Dr Helen Mason OBE
Dr Helen Mason is an Emeritus Reader in Solar Physics at the Department of Applied Mathematics and Theoretical Physics. She has been based at Cambridge University for over 40 years. She obtained a BSc (First Class Honours) and PhD at the University of London. She has taught at Cambridge University, London University and for the Open University. She was a Tutor at StEds for many years and was Senior Tutor from 2006-2011. She has also served on almost all the College committees. (Photo credit: Henry Kenyon)
Helen’s field of research is solar physics, in particular the ultraviolet and X-ray spectrum of the Sun. She has worked on many joint UK, NASA, ESA and Japanese space projects including SoHO (Solar and Heliospheric Observatory), Hinode and SDO (Solar Dynamics Observatory). Solar space observations have completely changed our view of the Sun. Helen is still an active solar researcher involved in collaborations with colleagues in Europe, the USA and India.
Helen has always been keen to convey her passion for solar physics to the public and school students. She has given many lectures at schools. In 2013, she gave one of the Friday Evening Discourses at the Royal Institution. She has written articles for science magazines and participated in many radio and TV programmes, for example the BBC program ‘Seven Ages of Starlight’.
Helen is also keen to promote education in developing countries. She has visited South Africa twice to work on astronomy projects with teachers and students in the former townships. She has also worked extensively in India, with schools in Pune, Maharashtra, and the rural areas of Tamil Nadu.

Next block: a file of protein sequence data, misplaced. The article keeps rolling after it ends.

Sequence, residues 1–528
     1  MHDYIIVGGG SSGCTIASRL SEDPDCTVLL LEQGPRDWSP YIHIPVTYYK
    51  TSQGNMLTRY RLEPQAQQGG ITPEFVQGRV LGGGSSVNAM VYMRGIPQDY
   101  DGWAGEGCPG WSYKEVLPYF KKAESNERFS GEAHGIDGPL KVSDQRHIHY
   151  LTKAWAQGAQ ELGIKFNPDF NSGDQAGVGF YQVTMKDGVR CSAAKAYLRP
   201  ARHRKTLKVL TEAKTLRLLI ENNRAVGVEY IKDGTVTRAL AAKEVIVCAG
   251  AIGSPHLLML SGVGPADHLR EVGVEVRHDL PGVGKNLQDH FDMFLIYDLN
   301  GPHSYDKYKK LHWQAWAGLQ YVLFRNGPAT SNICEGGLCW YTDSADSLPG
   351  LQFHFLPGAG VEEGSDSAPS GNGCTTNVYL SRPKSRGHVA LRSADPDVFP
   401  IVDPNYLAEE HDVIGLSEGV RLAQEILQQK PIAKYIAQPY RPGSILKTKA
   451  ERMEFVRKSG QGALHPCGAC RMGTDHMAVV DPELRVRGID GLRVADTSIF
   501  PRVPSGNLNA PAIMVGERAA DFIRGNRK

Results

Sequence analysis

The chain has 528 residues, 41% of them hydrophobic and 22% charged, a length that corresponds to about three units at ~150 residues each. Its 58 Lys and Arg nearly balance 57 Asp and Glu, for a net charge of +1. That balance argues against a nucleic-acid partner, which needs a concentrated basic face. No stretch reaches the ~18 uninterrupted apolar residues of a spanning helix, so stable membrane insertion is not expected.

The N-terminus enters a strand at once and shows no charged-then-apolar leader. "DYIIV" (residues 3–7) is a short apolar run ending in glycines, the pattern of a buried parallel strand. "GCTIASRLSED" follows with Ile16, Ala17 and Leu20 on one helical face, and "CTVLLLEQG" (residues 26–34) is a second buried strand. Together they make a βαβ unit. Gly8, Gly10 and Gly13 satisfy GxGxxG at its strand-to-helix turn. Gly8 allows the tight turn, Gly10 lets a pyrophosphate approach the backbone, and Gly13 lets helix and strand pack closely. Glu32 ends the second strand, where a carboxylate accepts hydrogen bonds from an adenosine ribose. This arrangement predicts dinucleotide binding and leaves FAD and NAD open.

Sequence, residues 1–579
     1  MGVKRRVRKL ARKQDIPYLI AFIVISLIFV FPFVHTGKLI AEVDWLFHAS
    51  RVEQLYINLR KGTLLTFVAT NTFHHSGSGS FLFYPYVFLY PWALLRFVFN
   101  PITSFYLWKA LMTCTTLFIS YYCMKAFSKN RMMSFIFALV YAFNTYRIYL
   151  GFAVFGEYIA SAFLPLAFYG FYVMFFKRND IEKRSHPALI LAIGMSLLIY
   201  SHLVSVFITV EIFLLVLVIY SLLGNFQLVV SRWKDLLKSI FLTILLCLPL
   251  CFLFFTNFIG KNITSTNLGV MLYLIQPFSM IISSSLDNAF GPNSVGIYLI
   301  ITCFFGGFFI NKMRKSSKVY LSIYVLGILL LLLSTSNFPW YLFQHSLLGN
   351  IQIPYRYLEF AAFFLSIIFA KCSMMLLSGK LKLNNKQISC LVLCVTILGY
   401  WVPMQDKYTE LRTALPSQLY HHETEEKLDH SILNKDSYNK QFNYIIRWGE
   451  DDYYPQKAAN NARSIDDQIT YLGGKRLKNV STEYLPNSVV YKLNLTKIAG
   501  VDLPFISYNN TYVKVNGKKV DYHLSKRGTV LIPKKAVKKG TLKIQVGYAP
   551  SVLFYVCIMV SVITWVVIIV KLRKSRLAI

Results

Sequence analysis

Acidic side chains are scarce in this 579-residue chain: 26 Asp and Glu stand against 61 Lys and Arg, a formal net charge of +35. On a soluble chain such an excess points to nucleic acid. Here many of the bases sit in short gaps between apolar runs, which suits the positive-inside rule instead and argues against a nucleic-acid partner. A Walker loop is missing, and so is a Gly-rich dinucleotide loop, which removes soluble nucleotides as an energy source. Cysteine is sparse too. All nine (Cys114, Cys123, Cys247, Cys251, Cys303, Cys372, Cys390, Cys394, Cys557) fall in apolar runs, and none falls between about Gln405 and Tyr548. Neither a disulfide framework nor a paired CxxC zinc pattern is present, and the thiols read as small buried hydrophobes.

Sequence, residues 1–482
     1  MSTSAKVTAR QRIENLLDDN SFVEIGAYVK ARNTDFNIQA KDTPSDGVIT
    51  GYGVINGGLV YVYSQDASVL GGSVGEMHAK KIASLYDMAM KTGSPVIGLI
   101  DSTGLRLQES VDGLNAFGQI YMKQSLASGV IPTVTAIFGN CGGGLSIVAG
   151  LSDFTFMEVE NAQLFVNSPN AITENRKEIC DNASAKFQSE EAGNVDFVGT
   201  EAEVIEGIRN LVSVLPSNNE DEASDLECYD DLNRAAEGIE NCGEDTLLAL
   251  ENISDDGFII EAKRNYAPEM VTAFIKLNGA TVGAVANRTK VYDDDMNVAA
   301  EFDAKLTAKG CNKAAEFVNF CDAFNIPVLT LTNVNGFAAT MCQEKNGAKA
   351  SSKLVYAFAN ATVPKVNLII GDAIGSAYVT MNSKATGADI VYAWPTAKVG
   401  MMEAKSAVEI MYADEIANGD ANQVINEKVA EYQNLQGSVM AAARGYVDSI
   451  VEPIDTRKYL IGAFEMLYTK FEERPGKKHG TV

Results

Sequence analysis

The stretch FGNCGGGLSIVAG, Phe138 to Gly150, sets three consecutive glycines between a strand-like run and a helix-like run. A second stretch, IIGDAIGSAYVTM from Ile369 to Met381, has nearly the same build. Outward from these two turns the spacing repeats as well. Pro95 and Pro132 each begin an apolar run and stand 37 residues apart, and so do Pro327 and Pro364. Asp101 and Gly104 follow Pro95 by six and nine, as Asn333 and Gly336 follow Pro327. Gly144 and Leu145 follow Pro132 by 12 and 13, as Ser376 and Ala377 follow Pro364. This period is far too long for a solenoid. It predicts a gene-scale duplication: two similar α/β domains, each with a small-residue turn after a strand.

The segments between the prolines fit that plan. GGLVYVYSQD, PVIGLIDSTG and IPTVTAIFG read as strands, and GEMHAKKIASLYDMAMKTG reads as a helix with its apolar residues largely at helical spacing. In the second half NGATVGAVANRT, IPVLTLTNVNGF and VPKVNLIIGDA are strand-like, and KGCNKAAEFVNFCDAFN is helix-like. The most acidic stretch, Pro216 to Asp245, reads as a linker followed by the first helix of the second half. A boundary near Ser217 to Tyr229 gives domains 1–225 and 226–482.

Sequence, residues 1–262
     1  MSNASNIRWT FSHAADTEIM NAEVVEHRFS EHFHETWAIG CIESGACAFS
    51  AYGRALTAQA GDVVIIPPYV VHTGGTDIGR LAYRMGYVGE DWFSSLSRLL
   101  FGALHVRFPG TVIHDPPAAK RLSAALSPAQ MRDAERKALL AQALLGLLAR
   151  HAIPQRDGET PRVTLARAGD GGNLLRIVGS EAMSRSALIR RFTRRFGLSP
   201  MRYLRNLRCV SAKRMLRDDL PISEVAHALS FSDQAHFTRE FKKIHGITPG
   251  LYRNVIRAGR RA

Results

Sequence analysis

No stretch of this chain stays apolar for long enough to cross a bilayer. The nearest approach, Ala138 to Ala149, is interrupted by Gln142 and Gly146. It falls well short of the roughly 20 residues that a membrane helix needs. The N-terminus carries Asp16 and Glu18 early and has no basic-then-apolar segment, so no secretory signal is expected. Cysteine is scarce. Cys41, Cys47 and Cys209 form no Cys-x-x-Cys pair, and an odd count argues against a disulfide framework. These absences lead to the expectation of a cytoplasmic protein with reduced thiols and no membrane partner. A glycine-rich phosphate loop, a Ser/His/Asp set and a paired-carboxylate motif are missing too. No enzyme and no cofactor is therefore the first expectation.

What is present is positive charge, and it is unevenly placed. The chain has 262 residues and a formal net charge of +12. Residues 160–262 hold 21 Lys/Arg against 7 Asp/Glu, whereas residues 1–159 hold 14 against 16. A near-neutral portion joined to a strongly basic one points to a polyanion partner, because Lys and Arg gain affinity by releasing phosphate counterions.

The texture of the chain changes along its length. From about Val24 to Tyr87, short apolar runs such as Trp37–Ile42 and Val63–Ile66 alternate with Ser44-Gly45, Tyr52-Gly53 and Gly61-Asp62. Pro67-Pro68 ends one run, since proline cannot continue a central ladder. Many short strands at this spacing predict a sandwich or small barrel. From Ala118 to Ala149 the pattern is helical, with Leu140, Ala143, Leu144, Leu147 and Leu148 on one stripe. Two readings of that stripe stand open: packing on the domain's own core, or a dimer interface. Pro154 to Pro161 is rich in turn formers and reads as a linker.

She has produced an educational web site for teachers and students (11-16 year old) called Sun|trek (www.suntrek.org) which has been used extensively in the UK, USA and worldwide. Her outreach work was recognised in 2010 when she was nominated as one of the six ‘Women of Outstanding Achievement’. In 2014, Helen was awarded an OBE for her services to Higher Education and to Women in Science, Engineering and Technology.
For the past five years she has led the SunSpaceArt project (sunspaceart.org), a team of scientists and artists, funded by the Science and Technology Facilities Council. Her team have run workshops in many schools (for children aged 7-14 years old) and led family activities, reaching around 10,000 children and 1,000 teachers nation-wide. The feedback has been superb. In 2018, Helen was awarded the Royal Astronomical Society’s Annie Maunder Medal for Outreach. In 2021, the SunSpaceArt team was awarded the Sir Arthur Clarke Group Award for Space Achievement in Education and Outreach.
Her photo portrait now hangs in the Garden Room at college, alongside other Life Fellows.